Field Spaniel

    Related Articles

    History & Overview

    A unique and intelligent sporting dog, the Field Spaniel was developed in the middle of the 19th century from Sussex Spaniel, English Cocker Spaniel and English Springer Spaniel. The emergence of the breed is attributed to the desire of some dog fanciers to create a dog with good hunting abilities which could compete in the show ring with other existing spaniel breeds.

    For over 150 years, the breed has seen many ups and downs in its popularity and has been revived at least three times. Nowadays, thanks to a major effort of dedicated fanciers, the Field Spaniel can be seen at all major shows and trials.


    The Field Spaniel is popular with hunters for his keen nose, stamina, willingness to work and good disposition. Very loyal to his family, the Field Spaniel makes an excellent watchdog and is a little aloof with strangers. Being loving and affectionate, he needs to be around his people, but will do well in a kennel, provided he has lots of space to play and run.

    At A Glance

    Other Names:


    Country of Origin:

    Great Britain


    Flushing and retrieving dog


    FCI Classification: Group 8 – Retrievers, Flushing Dogs and Water Dogs; Flushing Dogs (with working trial)
    AKC Classification: Sporting Group


    Medium (18 inches at shoulders)


    Black, liver or roan. Any one of these colors with tan markings.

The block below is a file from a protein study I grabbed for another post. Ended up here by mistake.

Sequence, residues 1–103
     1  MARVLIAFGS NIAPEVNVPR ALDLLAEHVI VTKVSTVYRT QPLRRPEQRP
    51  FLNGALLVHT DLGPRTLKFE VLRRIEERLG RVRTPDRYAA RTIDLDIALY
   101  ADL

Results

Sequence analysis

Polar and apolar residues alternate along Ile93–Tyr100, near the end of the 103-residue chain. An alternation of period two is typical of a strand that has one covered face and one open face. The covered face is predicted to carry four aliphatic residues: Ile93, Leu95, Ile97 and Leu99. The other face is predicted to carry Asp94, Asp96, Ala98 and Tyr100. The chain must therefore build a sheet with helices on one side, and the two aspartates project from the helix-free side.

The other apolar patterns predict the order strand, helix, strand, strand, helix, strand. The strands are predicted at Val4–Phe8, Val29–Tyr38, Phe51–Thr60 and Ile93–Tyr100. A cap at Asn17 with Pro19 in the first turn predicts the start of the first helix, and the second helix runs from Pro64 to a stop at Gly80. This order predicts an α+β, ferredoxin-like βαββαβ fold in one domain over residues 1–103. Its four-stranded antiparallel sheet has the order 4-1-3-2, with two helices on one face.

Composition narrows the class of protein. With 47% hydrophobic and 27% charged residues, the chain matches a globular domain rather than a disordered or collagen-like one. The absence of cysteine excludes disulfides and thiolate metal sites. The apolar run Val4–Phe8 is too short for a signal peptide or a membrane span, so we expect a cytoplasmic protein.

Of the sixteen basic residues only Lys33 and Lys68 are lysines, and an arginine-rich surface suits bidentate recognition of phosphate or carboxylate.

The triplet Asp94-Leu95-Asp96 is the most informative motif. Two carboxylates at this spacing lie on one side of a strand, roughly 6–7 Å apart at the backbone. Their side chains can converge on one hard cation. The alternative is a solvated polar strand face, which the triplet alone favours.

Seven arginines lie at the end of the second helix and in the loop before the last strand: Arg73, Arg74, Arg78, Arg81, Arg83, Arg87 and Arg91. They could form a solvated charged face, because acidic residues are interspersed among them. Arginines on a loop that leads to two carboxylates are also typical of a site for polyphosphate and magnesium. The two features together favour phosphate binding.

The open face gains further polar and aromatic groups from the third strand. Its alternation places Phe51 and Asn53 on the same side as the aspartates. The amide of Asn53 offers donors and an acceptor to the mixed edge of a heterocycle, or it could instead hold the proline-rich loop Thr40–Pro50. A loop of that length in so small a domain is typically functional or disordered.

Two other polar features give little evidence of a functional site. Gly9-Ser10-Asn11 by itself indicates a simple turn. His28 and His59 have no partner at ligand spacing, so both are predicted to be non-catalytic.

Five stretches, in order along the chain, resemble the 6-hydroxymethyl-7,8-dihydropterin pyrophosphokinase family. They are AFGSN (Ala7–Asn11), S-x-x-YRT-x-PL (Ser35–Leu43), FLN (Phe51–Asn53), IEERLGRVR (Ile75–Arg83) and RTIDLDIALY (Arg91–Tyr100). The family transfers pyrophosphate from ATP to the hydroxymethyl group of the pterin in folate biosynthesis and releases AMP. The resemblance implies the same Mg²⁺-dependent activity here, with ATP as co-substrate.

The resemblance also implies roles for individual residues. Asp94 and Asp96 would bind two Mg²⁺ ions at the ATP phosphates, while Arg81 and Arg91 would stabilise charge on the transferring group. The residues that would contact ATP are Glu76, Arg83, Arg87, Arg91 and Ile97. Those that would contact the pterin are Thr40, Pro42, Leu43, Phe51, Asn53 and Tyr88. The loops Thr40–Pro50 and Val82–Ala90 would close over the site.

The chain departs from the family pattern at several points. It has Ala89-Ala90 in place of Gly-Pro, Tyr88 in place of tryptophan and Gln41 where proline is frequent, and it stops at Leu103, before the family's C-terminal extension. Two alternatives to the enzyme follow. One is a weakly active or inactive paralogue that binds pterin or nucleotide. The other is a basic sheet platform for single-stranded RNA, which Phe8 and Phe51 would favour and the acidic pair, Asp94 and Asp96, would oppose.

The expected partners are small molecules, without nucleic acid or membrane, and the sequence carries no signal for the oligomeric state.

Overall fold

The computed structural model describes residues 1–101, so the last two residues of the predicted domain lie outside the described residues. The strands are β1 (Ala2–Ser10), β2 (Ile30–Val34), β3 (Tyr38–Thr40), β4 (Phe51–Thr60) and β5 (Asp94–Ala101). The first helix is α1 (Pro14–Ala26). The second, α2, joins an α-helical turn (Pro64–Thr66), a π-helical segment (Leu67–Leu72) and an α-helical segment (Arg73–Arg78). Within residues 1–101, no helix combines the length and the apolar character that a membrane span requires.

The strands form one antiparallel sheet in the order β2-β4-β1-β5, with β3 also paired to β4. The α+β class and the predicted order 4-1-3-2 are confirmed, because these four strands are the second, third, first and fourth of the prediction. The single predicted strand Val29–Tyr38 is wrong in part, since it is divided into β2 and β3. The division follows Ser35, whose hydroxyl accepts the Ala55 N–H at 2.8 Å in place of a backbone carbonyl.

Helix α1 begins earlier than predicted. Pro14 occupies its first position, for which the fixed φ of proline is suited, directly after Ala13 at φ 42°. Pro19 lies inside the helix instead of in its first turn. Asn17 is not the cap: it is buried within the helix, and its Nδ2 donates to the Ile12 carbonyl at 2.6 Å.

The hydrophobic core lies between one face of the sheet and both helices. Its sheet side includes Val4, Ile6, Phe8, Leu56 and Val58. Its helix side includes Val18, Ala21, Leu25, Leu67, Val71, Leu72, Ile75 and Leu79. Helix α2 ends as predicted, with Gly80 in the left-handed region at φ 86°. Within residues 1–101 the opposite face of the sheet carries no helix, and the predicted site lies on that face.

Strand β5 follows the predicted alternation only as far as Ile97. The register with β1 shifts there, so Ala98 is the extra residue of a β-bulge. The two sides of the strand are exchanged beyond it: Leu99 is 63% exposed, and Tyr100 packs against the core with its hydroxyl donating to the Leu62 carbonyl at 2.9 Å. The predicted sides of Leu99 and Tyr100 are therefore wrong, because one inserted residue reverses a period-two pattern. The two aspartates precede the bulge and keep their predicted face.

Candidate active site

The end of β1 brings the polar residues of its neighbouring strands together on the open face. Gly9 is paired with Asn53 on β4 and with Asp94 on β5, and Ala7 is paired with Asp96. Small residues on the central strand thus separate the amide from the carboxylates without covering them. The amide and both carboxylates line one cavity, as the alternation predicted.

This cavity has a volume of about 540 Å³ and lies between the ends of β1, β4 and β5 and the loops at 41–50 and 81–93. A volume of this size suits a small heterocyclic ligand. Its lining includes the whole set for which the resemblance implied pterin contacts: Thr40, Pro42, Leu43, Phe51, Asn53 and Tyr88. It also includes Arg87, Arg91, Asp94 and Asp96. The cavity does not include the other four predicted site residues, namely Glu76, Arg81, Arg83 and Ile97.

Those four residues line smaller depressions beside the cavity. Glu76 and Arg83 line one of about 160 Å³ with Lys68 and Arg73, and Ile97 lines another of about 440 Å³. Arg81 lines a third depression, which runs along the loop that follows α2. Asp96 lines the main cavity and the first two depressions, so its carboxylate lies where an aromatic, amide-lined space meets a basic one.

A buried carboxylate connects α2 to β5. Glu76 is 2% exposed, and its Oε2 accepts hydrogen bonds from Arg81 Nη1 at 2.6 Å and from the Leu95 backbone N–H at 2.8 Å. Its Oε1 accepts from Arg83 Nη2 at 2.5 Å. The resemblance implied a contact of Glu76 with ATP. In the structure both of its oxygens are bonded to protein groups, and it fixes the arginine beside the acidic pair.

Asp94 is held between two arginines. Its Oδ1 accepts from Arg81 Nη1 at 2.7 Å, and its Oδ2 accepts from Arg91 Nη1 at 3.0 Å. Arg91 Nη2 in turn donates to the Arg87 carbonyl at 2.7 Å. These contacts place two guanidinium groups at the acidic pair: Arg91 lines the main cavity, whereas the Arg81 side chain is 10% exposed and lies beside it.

Litter Size:


    Life Span:

    12 – 13 years

    Grooming Requirements:

    Special care should be taken of the hair on the ears and in the feathering areas. Brush several times a week.




    Active, tireless, curious, intelligent, loyal, affectionate.

    Social skills:

    Gets along with other pets.

    Suitability for Children:

    Good with kids who treat him with respect.

    Exercise Needs:

    Should be given a chance to run freely in a secure yard for at least a couple of hours daily. While he can adapt to the city living, he does best in the country. Fields love to swim.

    Train Ability:

    Intelligent, but not naturally obedient. Field Spaniels are very sensitive to the human voice and respond well to praise and firm but gentle treatment.

    Health & Behavioral Issues:

    Video Credits: Westminster Kennel Club Dog Show
    Image Credits: K9 Research Lab


    Other Topics

    Legg–Calvé–Perthes Disease

    Causes Of Legg–Calvé–Perthes Disease Legg-Calve-Perthes Disease (LCP Disease) is a congenital degeneration of the bone end that occurs...

    Marine Aquarium Considerations

    The succes of keeping a marine species native to tropical seacoasts and reefs is a relatively recent development and is measured not...

    Gray Catbird

    Overview Often in the nesting season, the Gray Catbird (Dumetella carolinensis) is a close neighbor of man. Like...

    Bacterial & Skin Diseases

    It is believed that 99% of health problems in rabbits would not occur with proper management, which includes good sanitation, feeding high-quality feed, taking time daily to clean and fill water and feed bowls, providing adequate room, cleaning sitting boards, cleaning ears and checking teeth and continually providing protection from cold, heat, wind and rain. Sanitation plays a major role in the health of your rabbit and cannot be overemphasized. Failure to adhere to good sanitation practices will inevitably result in the development of bacterial and fungal diseases.

    Clumber Spaniel

    History & Overview The Clumber is an excellent tracker and retriever, albeit slower than other spaniels. This breed...